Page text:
If my reading here is in the neighborhood of accurate, this does in fact seem like a pretty widespread phenomenon. I hate to keep bringing up the example of My Old Man And His Rural Folkways, but that kind of arrangement was a large part of how his people lived. My wife's folks, also, at least those among them who stayed on the farm.

Cool post Doc, thank you.

Insofar as he as a single thesis, it's that the prehistory of money isn't barter, it's *favors*.

Sounds rather a lot like "obs". Which I would think would be rather unobjectionable to Mr. McKTx.

What I'd like to see, which I haven't after poking around a bit, is someone present empirical evidence that currency arose directly from bartering to solve the difficulties of barter, primarily the double-coincidence problem. Everything I've seen is theoretical on that front. And it's a logical, coherent, intuitely appealing idea, but that doesn't necessarily make it correct.

It's not that bartering didn't occur. It's not that currency-based money didn't largely end the barter economy that did exist to a far greater extent than it now does. It's that the idea of money arose from the need to assess debts rather than the need to lubricate the markets that were based on bartering.

I haven't read the book, but my understanding from reading about the book is that the author looked for evidence that money arose from barter, as according to conventional wisdom, but he couldn't find it.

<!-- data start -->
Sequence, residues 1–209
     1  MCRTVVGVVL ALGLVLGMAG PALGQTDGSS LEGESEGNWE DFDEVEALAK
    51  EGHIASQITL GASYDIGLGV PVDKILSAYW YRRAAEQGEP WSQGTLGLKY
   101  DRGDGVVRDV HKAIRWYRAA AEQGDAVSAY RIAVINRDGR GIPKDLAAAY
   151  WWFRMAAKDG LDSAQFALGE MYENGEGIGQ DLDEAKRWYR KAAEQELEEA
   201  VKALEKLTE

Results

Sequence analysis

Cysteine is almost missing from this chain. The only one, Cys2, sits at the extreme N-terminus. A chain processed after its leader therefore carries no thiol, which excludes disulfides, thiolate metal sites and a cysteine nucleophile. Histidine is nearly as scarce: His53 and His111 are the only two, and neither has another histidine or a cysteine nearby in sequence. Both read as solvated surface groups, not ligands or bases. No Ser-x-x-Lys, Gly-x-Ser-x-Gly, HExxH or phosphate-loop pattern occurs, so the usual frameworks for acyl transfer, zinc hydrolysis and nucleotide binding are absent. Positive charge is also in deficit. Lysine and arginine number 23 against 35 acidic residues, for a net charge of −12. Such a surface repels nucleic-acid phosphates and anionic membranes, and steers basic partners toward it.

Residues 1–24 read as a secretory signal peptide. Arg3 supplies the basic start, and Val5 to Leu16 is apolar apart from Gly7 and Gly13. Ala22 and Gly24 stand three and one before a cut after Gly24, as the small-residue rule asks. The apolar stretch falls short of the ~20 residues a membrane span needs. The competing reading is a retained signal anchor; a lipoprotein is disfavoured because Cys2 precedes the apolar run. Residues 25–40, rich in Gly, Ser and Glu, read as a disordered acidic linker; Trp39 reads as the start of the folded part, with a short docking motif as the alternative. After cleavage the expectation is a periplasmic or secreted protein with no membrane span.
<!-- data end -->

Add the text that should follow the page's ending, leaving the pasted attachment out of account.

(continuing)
Not having read the book, I can't say how well the thesis is supported, but I can say that someone else who hasn't read it can't say that the thesis wasn't supported. What I also can't say is that, if the thesis (or main theme, maybe) as I understand it is correct, that it should lead me to advocate some policy over another. So, yeah, people may base objectionable agendas on the conclusions reached in this book, but it doesn't make those conclusions wrong. And even if those conclusions, if secondary to the main thesis, are wrong, it doesn't make the main thesis of the book, upon which those conclusions were based, wrong.

AFAICT, money arising from barter is an economic theory, not a matter of historical or anthropological investigation. And, like I said, it's an appealing one, which is why it's probably become so entrenched.

Graeber notes that "the circular cancellation of debts in this way seems to have been quite a common practice in much of history" [p.400-01], though he gives no other details.

I am repeating my initial extract from Doc's post above. As noted, Graeber gives no other details. Further, a broad, sweeping statement like this without footnotes is highly suspect and almost certainly unsupported by any primary or peer-tested secondary sources.